With power restored on campus and the continuation of classes after Hurricane Sandy, students were quick to express suggestions and concerns regarding the university. Although a small number of people attended the open meeting held on Thursday, November 1, these voices represented KU’s student body.
From 11 a.m. to 12 p.m. in the Academic Forum 20, Dr. F. Javier Cevallos, KU President, hosted an informal meeting with students to welcome thoughts or questions that could help improve the university. Matt Santos, University Relations Director, and Bob Watrous, Associate Vice President and Dean of Student Services & Campus Life, worked alongside President Cevallos to provide additional information and to answer campus-related questions.
Alumnus Cameo Pritchett began the discussion with the recent drop in return rates for the fall semester 2012.
“In times like this, we need [a motto] that will give students something to rely on in the back of their minds; something that can reassure them that ‘I’m a KU student’ versus any other school,” said Pritchett.
Despite the normal percentage of individuals that transfer or do not return because of academic reasons, 300 students were unable to return to KU.
“What was really different about this year was that the number [of unreturning students] was so high, which was a big surprise,” stated President Cevallos. “We want to understand where we are, what are the reasons why students are not coming back and what we can do to help.”
As a result, President Cevallos has been working with consultants to help with the university’s demographics. In addition, the KU Student Government Board has recently been looking to change advisement’s effect on students and methods to strengthen communication between advisors and advisees.
To help enrollment rates and the “attractiveness of the university,” KU has recently approved a Master of Fine Arts in Communication Design. The university is also planning on strengthening academic programs, as well as developing courses, such as engineering.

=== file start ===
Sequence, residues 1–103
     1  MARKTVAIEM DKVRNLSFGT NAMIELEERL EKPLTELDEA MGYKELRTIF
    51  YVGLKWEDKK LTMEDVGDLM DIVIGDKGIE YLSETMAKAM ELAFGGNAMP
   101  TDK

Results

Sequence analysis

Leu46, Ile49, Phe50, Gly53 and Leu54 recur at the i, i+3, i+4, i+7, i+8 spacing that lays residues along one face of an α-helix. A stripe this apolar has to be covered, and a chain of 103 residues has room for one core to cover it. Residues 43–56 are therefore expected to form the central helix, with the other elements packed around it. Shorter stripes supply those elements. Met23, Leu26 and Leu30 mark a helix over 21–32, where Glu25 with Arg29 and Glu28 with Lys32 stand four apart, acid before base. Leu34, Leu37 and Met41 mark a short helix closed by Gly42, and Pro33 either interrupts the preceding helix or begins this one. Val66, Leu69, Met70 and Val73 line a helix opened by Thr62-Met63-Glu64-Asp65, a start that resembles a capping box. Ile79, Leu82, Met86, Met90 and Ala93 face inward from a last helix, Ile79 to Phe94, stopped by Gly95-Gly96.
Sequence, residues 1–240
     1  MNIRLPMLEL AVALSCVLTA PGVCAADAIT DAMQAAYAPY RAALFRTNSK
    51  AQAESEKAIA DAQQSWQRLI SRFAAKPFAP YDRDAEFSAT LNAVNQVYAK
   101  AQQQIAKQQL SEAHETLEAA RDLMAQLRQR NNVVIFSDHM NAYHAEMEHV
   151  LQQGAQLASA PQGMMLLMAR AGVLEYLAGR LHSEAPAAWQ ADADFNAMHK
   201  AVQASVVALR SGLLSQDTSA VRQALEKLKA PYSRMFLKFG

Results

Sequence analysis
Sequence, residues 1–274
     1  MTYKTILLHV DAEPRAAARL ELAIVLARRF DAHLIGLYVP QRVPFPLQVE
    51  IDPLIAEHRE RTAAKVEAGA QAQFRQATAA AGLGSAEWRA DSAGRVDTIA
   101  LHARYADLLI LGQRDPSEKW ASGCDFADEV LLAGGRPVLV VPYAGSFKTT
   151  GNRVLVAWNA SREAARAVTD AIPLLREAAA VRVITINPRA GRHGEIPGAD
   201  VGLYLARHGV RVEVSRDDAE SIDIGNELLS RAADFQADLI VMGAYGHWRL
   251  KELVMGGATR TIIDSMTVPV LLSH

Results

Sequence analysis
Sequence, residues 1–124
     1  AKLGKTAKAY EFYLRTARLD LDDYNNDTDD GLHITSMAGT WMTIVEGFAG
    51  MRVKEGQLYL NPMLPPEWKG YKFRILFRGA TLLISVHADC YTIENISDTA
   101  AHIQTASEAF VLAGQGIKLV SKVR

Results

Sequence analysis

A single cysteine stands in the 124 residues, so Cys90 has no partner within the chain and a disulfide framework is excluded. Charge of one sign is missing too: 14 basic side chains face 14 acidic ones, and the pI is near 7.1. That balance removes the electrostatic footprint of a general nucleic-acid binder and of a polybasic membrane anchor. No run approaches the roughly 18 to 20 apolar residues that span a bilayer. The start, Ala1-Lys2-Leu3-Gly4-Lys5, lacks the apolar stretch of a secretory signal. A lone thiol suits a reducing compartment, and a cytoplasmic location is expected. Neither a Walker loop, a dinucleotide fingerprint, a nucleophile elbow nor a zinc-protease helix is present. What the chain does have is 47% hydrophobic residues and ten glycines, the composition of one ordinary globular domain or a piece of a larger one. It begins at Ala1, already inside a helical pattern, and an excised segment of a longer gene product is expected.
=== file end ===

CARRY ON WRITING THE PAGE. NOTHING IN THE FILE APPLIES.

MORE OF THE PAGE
Campus renovations, such as Schaeffer Auditorium and Lehigh Hall, which are expected to be completed by the summer 2013, are additional methods to help increase enrollment.
“What we have done to make KU more attractive is actually make it attractive,” said President Cevallos, “We have a beautiful campus and those are the things that attract people to the university, so we should maintain it.”
According to President Cevallos, KU plans to renovate Berks Hall and Schuylkill Hall shortly after Lehigh Hall is complete. Because each renovation project receives its own funding and may depend on support from the state, President Cevallos hopes in the future to construct a new facility on the north side of campus. The building would replace Lytle Hall and include the departments of history, mathematics, english and modern languages.
Furthermore, KU is working to increase the number of minority fraternities and sororities in order to expand campus diversity.
“If we don’t educate the diverse population that we have in this country, we’re going to be in trouble as a nation,” said President Cevallos, “Fifty years from now, this is going to be a minority majority country, so we need to educate students.”
According to Watrous, there have been several struggles with chartering new fraternities and sororities due to national and local requirements, such as the expansion policy—a policy that requires organizations to have a broad range of members in order for colonization to occur.
“The problem in creating different organizations is that they need to have a minimum number of individuals that are interested to colonize,” said Waltrous. “And that minimum number has to represent freshmen, sophomores, juniors and seniors. It doesn’t necessarily make sense for eight young women or men that are going to be graduating in a year to bring something on board, then the membership dies.”
Watrous stated that out-of-pocket expenses in creating a national chapter, which can range from $900 to $1,000, have been an additional issue with colonization as well as the annual fees system. Although the price of fees depends on the organization, common dues are between $500 and $600.
With the remaining time of the open meeting, topics such as dining hall services, advisement, scholarships and strike concerns were the last to be discussed.
President Cevallos plans to host a second open meeting before the end of the semester. For more information, students can contact Santos at email@example.com.
By Marianella Orlando